Marvel’s Moon Knight and the Importance of Egypt to the Story

Marvel’s latest TV series is steeped in Egyptian culture and mythology, and director Mohamed Diab has been waiting for this moment.

Oscar Isaac in Moon Knight
Photo: Marvel Studios

This article contains Moon Knight episode 2 spoilers.

At the end of Marvel’s Moon Knight episode 2, “Summon the Suit,” the man known alternately as Steven Grant and Marc Spector (Oscar Isaac) finds himself in a hotel room, throws open the curtains and shows us that he’s in the land where the show must inevitably lead: Egypt.

As fans old and new know, Grant/Spector is the earthly avatar of the Egyptian god Khonshu, tasked with carrying out the deity’s mission of delivering justice for those who are denied it. Grant has only recently found out that he is sharing a body with Spector, and understandably resents the fact that Spector carries out violence and murder in Khonshu’s name. But in order to stop a greater evil in the form of Arthur Harrow (Ethan Hawke), who wants to awaken the Egyptian demon goddess Ammit, Grant must temporarily let Spector – and Khonshu – take the reins.

The Egyptian mythology has long been part of Moon Knight’s comic book history, and bringing it onto the screen as part of the TV series lets Marvel once again explore a new corner of its universe (or, should we say, universes). Yet at the same time, Egyptian director Mohamed Diab, who helms four of Moon Knight’s six episodes (but not “Summon the Suit,” which is directed by Justin Benson and Aaron Moorhead) tells us that he’s long awaited a chance to properly represent the culture and folklore of his people and country onscreen for mainstream Western audiences.

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“It was as equal of importance as the drama itself,” says Diab when asked about doing just that. “It was very important to be the Egypt police. Because so many times – and this is not only my point of view — Egyptians don’t like the way we are portrayed in the movies. We are usually being portrayed through a lens that sees us as exotic people, sees our women as submissive, our men as bad, all those tropes.”

The Song in the End Credits

Diab says he’s proud of every aspect of the show that is taken from Egyptian culture, right down to the music (you can check out the tune that plays over the end credits here). “The songs are Egyptian and they’re so cool,” he enthuses. “A lot of people are telling me that they’re Shazaming them and love them. That brings people together, when you see that there’s something interesting and likable about those people that you didn’t know about, which makes it easier to connect.”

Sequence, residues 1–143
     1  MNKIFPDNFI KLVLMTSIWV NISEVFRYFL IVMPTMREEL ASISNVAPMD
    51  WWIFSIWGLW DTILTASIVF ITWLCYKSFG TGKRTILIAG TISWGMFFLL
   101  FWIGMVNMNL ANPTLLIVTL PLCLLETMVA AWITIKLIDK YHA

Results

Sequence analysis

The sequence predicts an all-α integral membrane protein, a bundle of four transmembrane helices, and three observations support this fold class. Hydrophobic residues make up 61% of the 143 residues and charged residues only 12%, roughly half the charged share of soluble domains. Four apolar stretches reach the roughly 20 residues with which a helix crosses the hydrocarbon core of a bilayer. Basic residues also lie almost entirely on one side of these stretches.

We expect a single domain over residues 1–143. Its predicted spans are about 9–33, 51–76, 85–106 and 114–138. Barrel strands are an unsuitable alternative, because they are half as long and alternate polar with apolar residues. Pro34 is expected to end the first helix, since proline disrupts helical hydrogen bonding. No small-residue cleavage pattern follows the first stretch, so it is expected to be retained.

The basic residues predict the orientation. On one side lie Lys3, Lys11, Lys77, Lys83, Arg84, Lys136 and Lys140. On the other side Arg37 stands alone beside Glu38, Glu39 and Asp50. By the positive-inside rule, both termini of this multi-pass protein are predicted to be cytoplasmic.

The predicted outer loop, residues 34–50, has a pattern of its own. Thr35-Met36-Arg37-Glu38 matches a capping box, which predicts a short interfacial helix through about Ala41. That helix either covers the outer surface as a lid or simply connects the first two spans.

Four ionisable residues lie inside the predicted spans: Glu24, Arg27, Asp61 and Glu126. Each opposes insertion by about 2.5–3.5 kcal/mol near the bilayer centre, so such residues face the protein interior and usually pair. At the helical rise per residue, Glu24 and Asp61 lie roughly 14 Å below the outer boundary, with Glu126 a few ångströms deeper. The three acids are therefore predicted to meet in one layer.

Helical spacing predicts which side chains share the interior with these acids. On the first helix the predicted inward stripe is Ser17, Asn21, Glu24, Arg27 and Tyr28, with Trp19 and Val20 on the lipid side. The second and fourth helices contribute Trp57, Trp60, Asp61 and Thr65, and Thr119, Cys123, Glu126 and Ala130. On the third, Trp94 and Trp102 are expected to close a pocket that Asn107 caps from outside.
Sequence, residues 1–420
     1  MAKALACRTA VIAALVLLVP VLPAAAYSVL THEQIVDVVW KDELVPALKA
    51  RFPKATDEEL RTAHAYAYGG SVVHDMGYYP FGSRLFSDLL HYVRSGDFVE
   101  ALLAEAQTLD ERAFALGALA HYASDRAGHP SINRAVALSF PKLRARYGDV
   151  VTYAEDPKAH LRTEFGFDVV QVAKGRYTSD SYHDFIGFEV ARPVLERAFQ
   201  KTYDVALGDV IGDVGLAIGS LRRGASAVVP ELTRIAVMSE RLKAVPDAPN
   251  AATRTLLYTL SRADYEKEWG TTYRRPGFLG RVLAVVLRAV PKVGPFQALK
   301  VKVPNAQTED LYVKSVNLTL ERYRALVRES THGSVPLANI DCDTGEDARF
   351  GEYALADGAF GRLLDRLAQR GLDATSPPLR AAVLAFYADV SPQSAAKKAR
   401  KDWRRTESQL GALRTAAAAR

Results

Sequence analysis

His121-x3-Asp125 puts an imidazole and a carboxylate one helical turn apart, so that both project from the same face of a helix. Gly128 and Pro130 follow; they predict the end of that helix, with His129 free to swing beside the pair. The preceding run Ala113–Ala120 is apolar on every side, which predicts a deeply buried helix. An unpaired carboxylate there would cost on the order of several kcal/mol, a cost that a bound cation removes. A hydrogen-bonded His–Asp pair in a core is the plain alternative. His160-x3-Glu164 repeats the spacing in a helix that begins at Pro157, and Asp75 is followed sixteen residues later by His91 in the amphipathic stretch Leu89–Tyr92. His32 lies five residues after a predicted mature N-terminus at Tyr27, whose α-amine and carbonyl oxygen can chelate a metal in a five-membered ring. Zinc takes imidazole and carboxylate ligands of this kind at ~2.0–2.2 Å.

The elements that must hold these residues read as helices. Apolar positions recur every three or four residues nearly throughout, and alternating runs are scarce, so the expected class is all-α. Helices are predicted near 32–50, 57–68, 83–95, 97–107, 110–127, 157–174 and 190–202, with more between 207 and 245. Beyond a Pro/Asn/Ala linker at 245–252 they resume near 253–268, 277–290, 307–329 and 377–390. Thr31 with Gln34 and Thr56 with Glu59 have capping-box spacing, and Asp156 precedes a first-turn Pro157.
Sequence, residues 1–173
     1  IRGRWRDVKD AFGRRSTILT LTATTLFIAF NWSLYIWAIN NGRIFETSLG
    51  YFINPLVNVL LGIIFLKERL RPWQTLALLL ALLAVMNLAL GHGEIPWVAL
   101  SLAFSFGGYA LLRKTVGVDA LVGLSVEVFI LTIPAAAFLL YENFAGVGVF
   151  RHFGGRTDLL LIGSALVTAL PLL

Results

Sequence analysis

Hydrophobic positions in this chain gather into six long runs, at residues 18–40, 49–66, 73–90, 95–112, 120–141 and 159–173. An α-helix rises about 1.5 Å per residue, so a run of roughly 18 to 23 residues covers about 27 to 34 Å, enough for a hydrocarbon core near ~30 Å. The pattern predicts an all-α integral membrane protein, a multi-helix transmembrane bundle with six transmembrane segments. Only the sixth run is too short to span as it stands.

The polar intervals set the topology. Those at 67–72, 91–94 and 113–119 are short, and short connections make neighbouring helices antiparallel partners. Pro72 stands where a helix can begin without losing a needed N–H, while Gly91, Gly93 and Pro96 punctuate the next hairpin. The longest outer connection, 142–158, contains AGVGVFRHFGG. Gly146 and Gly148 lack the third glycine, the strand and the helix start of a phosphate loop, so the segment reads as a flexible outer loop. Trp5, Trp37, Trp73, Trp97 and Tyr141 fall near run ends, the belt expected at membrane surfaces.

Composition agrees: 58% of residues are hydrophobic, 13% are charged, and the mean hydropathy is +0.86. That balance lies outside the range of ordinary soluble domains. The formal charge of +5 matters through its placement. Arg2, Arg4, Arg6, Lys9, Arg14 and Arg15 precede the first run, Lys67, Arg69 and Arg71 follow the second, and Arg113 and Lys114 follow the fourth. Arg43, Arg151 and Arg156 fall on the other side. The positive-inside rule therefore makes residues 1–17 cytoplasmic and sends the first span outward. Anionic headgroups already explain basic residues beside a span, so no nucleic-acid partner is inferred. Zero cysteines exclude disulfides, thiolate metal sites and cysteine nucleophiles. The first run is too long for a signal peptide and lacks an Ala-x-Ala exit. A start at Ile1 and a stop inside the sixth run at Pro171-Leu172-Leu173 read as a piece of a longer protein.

Even in the case of Layla El-Faouly, Spector’s wife and partner in adventure (portrayed by Egyptian-Palestinian actress May Calamawy), Diab says the intention was to shatter those stereotypes about Egyptian – and Middle Eastern – women, even if gender inequality is still an obstacle that a number of countries in that part of the world have yet to surmount.

“Portraying Layla the way she is, as a fierce woman — my mom is strong, my wife is strong,” says Diab. “So yes, the situation might not be perfect in our part of the world, but actually that makes women stronger, not weaker. So again, we want to just be seen the way we are, not better, not worse, and I think helps the world connect more.”


Naturally, Diab wanted to shoot the series on location in Egypt – a move that would make sense given that a portion of it takes place there – but timing and difficulty in getting permits made it unworkable. So instead, the production recreated Egypt, or more specifically the capital city of Cairo, in Budapest, Hungary, where Diab and his team set out getting the look of the scenes there just right.

“It was very important for me to bring in Egypt and I was so scared about that,” he admits. “But I had a great team in production designer Stefania Cella and costume designer Meghan Kasperlik, who both promised me that we would not make mistakes. If I didn’t tell you, you wouldn’t even know that it’s not Egypt. I’m proud that there was a moment when we had four blocks built in the middle of Budapest. It felt so much like Egypt that some Egyptian dude walked up and told me, ‘I feel like I’m home.’”

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You’ll be seeing more of Diab’s recreation of Egypt and delving deeper into the mythology behind Moon Knight in the weeks to come – let’s just say there’s a lot more out there than just Khonshu.

Moon Knight is streaming now on Disney+, with new episodes premiering on Wednesdays.